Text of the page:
Pray To Earn?
Isaiah 43:19 “Behold I am doing a new thing.”
In the 1800’s, 90% of people lived on farms. Convincing folks back then that most people today would work for this thing called a corporation, would have proved nearly impossible. Today about 1% of people live on farms, and almost everyone works for some sort of company. It’s hard for us to imagine anything else, but the future will inevitably look quite different from the world we live in today.
DAOs (decentralized autonomous organizations) and crypto networks have unlocked totally new models for how people can earn a living partaking in activities that are already core to their daily lives. While social networks like Facebook extract value from users who generate content, Bitclout actually pays its users to create (create to earn). While most video games monetize users with in-app purchases, whole villages stayed afloat in the midst of covid playing Axie Infinity (play to earn). And while Udemy and Skillshare charge subscriptions for users to learn, Earn.com (now Coinbase Earn) actually pays its users to get an education (learn to earn).
In the future, I believe the overwhelming majority of people won’t be working for companies, but for DAOs and crypto networks. From “farm to earn” and then “work to earn”, we’re heading into an “x to earn” world where x is an activity that you’re already doing. These crypto networks can reward people for said activities because each additional user to a social network, multi-player game, or two sided learning platform adds value to that platform (this is called a network effect). Corporations don’t reward users for coming on board and adding this value. DAOs and crypto networks do.
I’ve been thinking about what this might mean for ministry. What if instead of paying a seminary to learn how to minister to folks, one could get paid by a DAO to learn how to minister to folks? What if instead of paying to go on a missions trip, a crypto network subsidized all costs and then some to bless the lost? What if the next model for ministry wasn’t play to earn, but pray to earn?
Pray To Earn?
I felt really uncomfortable about this when the idea first came to me. Jesus overturned the money changers’ tables and said “Is it not written, ‘my house will be called a house of prayer for all nations’? But you have made it a ‘den of robbers.’” The Catholic Church got in a pile of trouble for selling prayers to forgive sins (indulgences). Prayer should be about God, not about money!
But I felt a prompting to continue pursuing. I still haven’t figured it all out, but I felt God remind me that the most basic way to make disciples is to fulfil people’s needs. Missionaries provide medical supplies to sick people. They feed hungry people. They show God’s love first, and then if the opportunity presents itself they share the good news. And they learned that from Jesus himself. He healed the sick, fed to hungry, and in so doing many came to faith.
So if you went to a villager and said “hey download this app, someone’s going to say a blessing for you and your family, then you’ll get some tokens in your wallet that will help feed your family,” is that not in line with the heart of God? I’m not an expert on missions, but I have some portfolio companies operating in these parts of the world, and I feel it’s a pretty compelling value proposition that many would take up.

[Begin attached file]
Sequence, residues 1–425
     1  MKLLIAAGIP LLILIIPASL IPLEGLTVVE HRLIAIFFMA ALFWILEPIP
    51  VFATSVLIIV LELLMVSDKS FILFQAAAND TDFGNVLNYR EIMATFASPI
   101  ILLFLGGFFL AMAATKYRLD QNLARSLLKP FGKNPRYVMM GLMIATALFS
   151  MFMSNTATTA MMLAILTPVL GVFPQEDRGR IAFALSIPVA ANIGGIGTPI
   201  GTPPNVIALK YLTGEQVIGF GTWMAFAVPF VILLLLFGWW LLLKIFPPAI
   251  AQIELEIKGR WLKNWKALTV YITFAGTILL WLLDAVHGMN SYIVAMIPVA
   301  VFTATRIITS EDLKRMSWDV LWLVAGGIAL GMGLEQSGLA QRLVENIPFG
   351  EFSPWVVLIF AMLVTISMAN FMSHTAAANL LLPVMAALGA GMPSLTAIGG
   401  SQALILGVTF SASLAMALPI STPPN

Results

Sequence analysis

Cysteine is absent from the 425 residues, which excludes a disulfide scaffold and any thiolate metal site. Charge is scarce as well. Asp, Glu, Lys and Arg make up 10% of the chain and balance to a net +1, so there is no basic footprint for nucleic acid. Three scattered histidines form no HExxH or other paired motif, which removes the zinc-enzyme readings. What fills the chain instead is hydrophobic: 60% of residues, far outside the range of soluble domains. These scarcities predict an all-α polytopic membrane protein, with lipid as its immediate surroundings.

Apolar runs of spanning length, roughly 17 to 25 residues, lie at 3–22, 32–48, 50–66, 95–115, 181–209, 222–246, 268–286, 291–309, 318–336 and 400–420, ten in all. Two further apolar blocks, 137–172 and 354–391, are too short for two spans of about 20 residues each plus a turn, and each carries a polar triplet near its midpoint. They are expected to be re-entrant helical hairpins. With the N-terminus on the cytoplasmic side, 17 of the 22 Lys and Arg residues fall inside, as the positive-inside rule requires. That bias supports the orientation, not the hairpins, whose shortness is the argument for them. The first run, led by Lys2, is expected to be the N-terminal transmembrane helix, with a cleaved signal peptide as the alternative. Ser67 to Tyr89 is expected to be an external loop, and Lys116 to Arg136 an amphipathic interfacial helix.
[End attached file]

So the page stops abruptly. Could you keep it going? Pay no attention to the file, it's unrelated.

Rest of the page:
I pitched the idea to Elaine the other day and she asked some hard questions (as a good wife does!)
“How are you going to find the people to pray? Why would they come on the platform?”
“Well, I get a kick out of praying for strangers and I’d love to join something like this. I wouldn’t do it for money, but I know some amazing intercessors who absolutely would love to do it full time if they were freed from the constraints of earning a living.”
“But ministering should be a calling, not something so transactional.”
“Well pastors get paid so there’s a transaction. But I’m sure most every pastor has been called by God. I don’t think the presence of a transaction precludes the presence of God’s calling.”
“There are just so many ways this could go wrong. People could abuse the platform to earn money and mess things up spiritually. How do you make sure the intercessors are vetted?”
I didn’t really have an answer for this one so I mumbled something and walked away. But in my prayer time I felt God remind me that people had the same questions about Airbnb. “People are going to let complete strangers stay in their home for money? There are so many ways this could go wrong. How do you vet hosts and guests? They could be rapists… or worse!”
Well Airbnb figured it out, and I’m not sure I can figure it out. But if God is in this then he sure as heck can figure it out.
Lord, I can’t wait to see what you have in store. I have no idea if “pray to earn” is part of it, but I believe you’re using technology to catalyze a revival like the world has never known. I don’t know what the future holds, but I know it’s going to be good, because you are good. I submit my plans to yours, and thank you for your love. In Jesus’ name, Amen.